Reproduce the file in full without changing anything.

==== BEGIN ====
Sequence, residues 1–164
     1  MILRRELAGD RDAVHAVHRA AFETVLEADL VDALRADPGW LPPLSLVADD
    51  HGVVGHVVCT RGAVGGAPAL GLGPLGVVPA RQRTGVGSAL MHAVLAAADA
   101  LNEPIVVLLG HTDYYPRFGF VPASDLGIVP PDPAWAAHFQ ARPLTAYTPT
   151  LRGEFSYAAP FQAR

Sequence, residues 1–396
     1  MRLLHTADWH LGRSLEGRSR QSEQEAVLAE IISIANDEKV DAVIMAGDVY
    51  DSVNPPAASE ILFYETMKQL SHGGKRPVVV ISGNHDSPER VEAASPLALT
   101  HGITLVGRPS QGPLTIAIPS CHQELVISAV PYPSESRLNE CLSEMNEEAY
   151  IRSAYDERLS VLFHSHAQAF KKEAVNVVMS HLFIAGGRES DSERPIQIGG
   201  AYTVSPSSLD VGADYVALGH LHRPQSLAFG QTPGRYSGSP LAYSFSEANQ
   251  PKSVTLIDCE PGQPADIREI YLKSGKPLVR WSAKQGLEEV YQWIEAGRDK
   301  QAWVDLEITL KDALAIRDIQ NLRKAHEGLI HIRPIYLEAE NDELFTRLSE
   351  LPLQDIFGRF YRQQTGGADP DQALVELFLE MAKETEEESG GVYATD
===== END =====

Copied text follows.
Sequence, residues 1–164
     1  MILRRELAGD RDAVHAVHRA AFETVLEADL VDALRADPGW LPPLSLVADD
    51  HGVVGHVVCT RGAVGGAPAL GLGPLGVVPA RQRTGVGSAL MHAVLAAADA
   101  LNEPIVVLLG HTDYYPRFGF VPASDLGIVP PDPAWAAHFQ ARPLTAYTPT
   151  LRGEFSYAAP FQAR

Sequence, residues 1–396
     1  MRLLHTADWH LGRSLEGRSR QSEQEAVLAE IISIANDEKV DAVIMAGDVY
    51  DSVNPPAASE ILFYETMKQL SHGGKRPVVV ISGNHDSPER VEAASPLALT
   101  HGITLVGRPS QGPLTIAIPS CHQELVISAV PYPSESRLNE CLSEMNEEAY
   151  IRSAYDERLS VLFHSHAQAF KKEAVNVVMS HLFIAGGRES DSERPIQIGG
   201  AYTVSPSSLD VGADYVALGH LHRPQSLAFG QTPGRYSGSP LAYSFSEANQ
   251  PKSVTLIDCE PGQPADIREI YLKSGKPLVR WSAKQGLEEV YQWIEAGRDK
   301  QAWVDLEITL KDALAIRDIQ NLRKAHEGLI HIRPIYLEAE NDELFTRLSE
   351  LPLQDIFGRF YRQQTGGADP DQALVELFLE MAKETEEESG GVYATD